Ontario must move faster with a series of legislative and regulatory measures in order to meet its commitment to create electronic health records for all residents by 2015, a senior official with eHealth Ontario says.
“It’s time the province decided if it’s really committed to this or not,” argues Doug Tessier, senior vice-president of development and implementation for the agency responsible for implementing the government’s multibillion-dollar electronic health records (EHR) strategy.
Progress on the province’s EHR file was hampered by the eHealth Ontario scandal surrounding compensation for consultants, Tessier says. The scandal triggered an audit, which concluded that the provincial government mismanaged over $1 billion and ultimately led to the resignations of former health minister David Caplan and former deputy minister of health Ron Sapsford.
“The swirl and scandal has hurt us,” says Tessier, considered the government’s expert on electronic health systems.
But Ontario’s EHR woes predate the scandal, Tessier says, arguing that there have consistently been delays in making key political decisions since the province first committed to implementation in 2000.
Deliberations on major decisions within the Ministry of Health and Long-Term Care have often taken two years, Tessier says. “If you are really committed to this, two years is too long. … To my mind, if the government is not committed to something, they hem and haw.”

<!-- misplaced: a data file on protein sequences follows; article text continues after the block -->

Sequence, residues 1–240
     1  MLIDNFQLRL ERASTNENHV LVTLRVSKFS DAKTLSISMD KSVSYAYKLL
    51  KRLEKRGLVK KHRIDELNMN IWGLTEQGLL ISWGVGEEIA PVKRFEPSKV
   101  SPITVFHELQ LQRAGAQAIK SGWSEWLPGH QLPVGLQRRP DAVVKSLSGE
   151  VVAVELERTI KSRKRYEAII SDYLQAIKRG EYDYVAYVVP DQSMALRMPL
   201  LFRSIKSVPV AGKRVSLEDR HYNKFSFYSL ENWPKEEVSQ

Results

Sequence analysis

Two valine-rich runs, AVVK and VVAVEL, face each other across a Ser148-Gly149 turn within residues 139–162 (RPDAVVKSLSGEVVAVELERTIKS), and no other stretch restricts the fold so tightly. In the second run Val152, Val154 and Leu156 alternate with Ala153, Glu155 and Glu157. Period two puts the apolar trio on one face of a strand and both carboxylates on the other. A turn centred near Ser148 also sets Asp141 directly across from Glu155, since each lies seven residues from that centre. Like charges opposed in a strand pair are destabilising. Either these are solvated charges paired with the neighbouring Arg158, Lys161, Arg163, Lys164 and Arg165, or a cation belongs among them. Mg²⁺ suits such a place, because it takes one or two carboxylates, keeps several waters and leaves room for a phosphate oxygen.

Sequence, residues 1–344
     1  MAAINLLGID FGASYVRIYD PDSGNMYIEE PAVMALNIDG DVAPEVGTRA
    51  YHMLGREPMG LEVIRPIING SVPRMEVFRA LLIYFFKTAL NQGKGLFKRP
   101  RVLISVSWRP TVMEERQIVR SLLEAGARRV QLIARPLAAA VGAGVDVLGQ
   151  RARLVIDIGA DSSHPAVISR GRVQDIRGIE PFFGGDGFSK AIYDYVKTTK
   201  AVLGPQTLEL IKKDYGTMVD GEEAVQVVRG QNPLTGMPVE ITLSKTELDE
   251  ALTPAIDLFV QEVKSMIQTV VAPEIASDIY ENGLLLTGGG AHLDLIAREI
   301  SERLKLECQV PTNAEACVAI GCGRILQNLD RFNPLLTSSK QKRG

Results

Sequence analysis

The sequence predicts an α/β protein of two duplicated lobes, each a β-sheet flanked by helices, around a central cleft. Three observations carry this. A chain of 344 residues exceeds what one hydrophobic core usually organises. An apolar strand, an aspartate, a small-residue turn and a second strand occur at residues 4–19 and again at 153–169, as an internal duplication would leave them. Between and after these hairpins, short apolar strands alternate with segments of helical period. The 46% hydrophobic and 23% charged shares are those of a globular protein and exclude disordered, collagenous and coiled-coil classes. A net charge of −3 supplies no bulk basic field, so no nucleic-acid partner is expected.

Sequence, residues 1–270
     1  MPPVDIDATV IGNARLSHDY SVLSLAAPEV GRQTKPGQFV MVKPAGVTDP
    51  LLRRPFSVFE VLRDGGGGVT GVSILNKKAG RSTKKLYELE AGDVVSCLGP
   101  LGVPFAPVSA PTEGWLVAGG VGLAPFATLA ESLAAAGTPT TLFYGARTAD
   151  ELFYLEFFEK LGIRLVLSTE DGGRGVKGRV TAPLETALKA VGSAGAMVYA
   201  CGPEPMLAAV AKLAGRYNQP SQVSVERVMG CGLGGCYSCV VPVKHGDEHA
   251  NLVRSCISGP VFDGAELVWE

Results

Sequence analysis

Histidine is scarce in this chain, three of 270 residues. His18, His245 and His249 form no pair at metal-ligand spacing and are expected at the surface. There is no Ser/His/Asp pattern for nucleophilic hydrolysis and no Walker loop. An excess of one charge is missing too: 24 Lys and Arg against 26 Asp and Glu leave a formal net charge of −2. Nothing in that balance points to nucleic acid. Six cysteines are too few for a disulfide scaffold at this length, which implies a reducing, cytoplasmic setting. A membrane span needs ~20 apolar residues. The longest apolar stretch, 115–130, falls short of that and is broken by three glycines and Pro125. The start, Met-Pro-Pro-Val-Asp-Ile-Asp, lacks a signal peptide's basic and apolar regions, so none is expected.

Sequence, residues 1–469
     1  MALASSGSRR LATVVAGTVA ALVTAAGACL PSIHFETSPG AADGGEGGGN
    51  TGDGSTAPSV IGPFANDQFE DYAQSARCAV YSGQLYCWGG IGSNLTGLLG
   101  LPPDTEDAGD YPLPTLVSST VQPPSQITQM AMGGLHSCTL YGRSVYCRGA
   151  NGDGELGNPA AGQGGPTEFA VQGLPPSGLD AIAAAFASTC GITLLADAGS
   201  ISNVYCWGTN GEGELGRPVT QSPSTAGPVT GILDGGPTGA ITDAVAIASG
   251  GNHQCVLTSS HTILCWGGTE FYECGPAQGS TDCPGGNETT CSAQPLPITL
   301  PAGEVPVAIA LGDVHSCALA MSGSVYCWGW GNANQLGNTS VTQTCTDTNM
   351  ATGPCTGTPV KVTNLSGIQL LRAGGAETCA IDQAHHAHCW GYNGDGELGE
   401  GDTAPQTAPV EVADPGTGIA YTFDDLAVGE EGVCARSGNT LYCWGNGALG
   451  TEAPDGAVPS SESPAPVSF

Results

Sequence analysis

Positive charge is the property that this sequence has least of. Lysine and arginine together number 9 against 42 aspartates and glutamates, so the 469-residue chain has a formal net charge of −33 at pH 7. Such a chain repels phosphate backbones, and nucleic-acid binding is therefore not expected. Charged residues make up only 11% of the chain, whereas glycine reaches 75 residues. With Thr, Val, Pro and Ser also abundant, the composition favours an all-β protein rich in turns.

Moreover, even the basic, legal framework for patient EHRs — which will require changes to laws governing patient record management and privacy — still isn’t in place, more than seven years after the province established the agency, Tessier says. Not only are “two or three pieces of new legislation” still required, “but we’ve also got to undo a number of pieces of [existing] legislation.”
The government must also do more persuade health regulatory colleges to overhaul policies that impact on EHRs, Tessier argues. “Let’s put our arm around them and gently bring them into the 21st century. … With the regulations, the legislation and the policy changes that government has to do, that’s not so gentle. That’s on the critical path. If they don’t do it, we’re blocked completely.”